There’s an article in the
San Francisco Chronicle San Jose Mercury News about Barry Zito’s return to fine form. It’s totally encouraging:
Zito is off to one of the best starts of a 13-year career that has been mostly downhill since he came to the Giants in 2007. His first four starts have produced a 1.67 ERA, and opposing hitters have a .186 batting average. He is 1-0, having pitched a shutout against the Rockies in Colorado.
The article says this could be the product of Zito being happily married and now having a personal catcher in Hector Sanchez that has him pitching like he’s back in Oakland again.
Which is great — who doesn’t want to be happy? — but it’s not like we haven’t seen Zito have nice starts like this before. Remember early May 2010?
Not only is Zito now 5-0 with a 1.49 ERA this season, he has a 2.38 ERA in 21 starts dating back to last year’s All-Star break.
He ended that season watching the Giants win the World Series as a spectator. Then he spent much of 2011 on the DL, out of the rotation and being rumored as a candidate to be released.
This happens with Zito. And with all players who aren’t all that good. Sure, I want him to be successful because I still remember him when he had Cy Young form and liked that an awful lot, but we can’t read too much into the small sample sizes and early season success. To do so is to get suckered.
MLB Network’s Jon Morosi reports that the Orioles have interest in free agent right-hander Alex Cobb, who rejected his one-year, $17.4 million qualifying offer from the Rays earlier this week. Cobb was most recently linked to the Cubs, who reportedly reached out to his agent during the GM Meetings and garnered mutual interest from the righty, but nothing appears to be set in stone yet.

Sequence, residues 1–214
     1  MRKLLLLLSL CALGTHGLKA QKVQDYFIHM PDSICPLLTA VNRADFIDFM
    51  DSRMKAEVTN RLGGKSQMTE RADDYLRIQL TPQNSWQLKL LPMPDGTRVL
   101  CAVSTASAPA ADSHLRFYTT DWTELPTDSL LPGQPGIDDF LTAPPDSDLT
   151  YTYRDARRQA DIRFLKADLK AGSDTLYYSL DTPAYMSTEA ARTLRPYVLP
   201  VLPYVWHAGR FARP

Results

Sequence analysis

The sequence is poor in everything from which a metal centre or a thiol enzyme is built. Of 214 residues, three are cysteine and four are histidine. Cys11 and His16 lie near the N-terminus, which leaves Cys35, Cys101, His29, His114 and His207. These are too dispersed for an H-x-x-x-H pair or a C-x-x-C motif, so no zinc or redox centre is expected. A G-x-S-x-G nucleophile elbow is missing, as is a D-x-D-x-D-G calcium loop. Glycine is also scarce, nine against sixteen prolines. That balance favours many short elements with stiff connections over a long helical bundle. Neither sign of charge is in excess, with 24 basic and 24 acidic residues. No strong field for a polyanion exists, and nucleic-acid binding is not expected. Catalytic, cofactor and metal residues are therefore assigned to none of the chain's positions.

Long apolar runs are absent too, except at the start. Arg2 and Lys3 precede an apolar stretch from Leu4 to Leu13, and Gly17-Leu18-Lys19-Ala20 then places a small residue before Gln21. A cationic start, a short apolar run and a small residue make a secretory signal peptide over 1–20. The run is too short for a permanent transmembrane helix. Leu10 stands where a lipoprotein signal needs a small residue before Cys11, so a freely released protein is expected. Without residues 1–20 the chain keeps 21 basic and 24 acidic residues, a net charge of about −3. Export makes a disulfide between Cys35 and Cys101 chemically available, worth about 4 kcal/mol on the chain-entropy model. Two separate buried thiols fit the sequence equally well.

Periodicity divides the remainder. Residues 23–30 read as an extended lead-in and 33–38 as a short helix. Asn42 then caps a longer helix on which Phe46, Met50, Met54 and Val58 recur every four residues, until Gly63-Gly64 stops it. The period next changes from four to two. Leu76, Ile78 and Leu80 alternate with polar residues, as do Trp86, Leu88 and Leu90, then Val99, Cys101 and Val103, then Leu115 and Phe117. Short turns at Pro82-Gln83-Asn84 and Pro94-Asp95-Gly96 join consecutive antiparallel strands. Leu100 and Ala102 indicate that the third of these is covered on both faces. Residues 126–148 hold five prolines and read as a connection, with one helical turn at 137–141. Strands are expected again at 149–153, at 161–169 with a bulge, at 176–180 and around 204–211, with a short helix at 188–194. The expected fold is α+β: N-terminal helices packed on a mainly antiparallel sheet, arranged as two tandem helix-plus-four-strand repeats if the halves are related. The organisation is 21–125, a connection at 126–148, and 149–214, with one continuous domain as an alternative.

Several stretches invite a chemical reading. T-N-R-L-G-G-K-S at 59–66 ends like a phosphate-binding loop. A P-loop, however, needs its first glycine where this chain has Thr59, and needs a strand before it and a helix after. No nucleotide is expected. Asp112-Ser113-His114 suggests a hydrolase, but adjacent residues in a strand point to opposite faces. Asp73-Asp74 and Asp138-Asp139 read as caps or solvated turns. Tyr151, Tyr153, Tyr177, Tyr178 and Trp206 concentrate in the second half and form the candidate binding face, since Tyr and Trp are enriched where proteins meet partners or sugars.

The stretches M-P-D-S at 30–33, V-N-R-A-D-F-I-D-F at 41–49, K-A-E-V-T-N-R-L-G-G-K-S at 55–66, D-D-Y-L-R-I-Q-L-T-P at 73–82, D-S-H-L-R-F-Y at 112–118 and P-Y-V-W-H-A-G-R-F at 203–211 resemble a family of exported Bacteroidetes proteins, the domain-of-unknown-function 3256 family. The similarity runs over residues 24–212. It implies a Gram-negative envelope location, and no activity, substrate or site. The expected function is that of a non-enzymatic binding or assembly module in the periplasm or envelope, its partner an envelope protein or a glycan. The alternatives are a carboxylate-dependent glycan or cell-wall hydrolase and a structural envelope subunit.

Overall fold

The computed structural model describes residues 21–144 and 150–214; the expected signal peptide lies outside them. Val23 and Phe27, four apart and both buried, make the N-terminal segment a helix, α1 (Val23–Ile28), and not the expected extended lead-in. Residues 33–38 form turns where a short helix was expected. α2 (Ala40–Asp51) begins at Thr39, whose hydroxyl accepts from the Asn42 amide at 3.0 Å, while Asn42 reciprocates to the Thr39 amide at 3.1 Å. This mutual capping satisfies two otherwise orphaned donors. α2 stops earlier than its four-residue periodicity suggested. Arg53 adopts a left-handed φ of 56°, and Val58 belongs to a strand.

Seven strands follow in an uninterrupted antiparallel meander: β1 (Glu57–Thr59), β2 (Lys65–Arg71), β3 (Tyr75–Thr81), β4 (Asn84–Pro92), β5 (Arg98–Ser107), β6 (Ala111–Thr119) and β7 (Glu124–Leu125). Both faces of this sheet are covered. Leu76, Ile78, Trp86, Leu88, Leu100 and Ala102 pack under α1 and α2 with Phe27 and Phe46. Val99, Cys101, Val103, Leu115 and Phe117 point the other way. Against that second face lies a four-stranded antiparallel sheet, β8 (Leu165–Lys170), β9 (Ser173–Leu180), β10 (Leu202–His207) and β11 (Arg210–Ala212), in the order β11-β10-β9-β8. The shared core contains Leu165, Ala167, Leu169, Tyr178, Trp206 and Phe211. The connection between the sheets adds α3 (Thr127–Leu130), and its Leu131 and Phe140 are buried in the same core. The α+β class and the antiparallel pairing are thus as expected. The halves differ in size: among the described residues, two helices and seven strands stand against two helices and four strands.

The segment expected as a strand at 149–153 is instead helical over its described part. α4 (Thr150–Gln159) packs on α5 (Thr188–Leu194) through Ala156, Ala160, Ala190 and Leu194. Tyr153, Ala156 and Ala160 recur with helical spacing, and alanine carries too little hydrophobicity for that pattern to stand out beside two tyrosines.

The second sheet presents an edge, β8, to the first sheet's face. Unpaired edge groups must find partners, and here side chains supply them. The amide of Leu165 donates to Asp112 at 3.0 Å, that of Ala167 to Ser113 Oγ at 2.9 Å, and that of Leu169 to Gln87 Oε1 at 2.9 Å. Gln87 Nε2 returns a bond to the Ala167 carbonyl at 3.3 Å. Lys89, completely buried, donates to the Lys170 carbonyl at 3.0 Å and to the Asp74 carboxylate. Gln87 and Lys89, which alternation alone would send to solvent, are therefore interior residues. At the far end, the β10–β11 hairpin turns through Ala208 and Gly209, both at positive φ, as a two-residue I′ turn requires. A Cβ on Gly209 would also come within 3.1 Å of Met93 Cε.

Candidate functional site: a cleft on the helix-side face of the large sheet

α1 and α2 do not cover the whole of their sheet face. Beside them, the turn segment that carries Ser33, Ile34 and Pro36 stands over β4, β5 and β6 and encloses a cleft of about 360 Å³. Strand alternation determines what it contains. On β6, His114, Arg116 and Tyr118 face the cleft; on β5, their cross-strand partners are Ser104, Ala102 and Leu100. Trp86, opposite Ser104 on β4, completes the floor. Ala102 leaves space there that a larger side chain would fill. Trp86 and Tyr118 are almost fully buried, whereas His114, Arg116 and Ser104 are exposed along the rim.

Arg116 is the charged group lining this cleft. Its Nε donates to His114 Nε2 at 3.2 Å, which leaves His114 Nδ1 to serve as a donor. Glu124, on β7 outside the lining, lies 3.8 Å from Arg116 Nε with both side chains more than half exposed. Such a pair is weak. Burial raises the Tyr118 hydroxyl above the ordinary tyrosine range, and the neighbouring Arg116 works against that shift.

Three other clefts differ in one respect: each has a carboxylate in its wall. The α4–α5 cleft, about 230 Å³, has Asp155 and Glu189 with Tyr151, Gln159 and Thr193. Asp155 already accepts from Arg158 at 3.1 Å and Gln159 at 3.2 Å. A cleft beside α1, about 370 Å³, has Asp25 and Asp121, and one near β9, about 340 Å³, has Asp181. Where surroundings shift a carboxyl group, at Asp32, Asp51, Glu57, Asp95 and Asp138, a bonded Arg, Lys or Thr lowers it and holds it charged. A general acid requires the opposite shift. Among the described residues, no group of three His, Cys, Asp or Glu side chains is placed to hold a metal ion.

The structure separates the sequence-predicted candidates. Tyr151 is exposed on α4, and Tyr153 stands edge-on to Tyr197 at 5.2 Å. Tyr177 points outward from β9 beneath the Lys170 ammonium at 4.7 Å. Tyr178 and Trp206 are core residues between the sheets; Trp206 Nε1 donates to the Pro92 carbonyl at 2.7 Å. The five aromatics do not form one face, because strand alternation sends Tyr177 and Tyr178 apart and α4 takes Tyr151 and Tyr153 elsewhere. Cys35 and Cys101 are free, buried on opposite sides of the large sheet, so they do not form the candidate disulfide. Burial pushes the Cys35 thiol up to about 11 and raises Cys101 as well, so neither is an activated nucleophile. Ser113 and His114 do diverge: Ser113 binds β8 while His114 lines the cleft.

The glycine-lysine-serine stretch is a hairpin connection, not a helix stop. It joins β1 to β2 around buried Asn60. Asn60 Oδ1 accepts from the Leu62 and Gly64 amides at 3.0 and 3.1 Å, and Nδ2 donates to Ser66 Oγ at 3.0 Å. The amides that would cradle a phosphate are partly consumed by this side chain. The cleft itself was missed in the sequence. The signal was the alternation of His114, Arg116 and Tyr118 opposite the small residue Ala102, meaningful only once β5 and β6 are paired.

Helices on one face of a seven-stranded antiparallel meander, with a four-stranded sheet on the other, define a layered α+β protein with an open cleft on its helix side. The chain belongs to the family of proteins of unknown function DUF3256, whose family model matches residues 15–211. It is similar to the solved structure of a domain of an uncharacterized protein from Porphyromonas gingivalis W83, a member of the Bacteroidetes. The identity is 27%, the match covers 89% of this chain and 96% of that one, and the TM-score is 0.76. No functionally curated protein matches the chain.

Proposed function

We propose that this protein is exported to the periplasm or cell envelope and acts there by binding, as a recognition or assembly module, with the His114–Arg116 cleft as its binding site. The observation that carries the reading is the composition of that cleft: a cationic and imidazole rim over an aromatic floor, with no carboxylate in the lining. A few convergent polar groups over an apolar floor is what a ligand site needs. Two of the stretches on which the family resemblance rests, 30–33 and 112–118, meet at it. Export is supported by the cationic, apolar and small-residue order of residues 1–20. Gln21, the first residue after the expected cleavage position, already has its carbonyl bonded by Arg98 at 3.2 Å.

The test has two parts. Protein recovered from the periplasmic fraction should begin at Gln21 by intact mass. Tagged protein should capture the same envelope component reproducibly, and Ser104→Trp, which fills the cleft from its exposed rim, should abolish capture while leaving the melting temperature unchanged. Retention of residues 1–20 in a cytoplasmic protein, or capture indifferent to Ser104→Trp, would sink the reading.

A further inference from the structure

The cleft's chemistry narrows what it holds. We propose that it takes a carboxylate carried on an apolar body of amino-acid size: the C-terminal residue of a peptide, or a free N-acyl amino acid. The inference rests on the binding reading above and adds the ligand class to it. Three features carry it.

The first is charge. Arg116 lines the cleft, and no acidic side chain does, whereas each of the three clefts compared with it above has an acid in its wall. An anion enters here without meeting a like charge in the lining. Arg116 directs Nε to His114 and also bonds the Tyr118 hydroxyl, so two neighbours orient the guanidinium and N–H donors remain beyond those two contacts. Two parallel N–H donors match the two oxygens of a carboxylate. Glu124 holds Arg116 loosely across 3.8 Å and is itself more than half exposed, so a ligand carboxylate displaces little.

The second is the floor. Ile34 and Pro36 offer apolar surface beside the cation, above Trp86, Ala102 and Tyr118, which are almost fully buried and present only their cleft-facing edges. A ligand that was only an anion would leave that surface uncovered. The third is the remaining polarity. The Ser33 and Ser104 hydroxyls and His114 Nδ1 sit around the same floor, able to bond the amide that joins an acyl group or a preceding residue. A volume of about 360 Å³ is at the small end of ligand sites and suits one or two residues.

Cobb, 30, completed his sixth season with the Rays in 2017. He went 12-10 in 29 starts and turned in a respectable 3.66 ERA, 6.4 SO/9 and career-best 2.2 BB/9 in 179 1/3 innings. Despite losing a couple of weeks to turf toe, he remained healthy for most of the year and showed no signs of the elbow issues that robbed him of the majority of his 2015-2016 campaigns.
It’s still fairly early for any deals to come to fruition, but Morosi notes that the Orioles seem to be focused on bulking up their rotation during the first few months of the offseason. It’ll take more than a healthy Alex Cobb to right that ship, however: Orioles’ starters earned a collective 5.70 ERA and 5.5 fWAR in 2017, good for worst and fourth-worst marks in the league, respectively. Behind Kevin Gausman and Dylan Bundy (and perhaps Gabriel Ynoa/Miguel Castro), they still need three viable starters to compete in 2018. Whether or not they can afford to spring for a single starter with Cobb’s price tag (four years, $48 million, per MLB Trade Rumors) remains to be seen.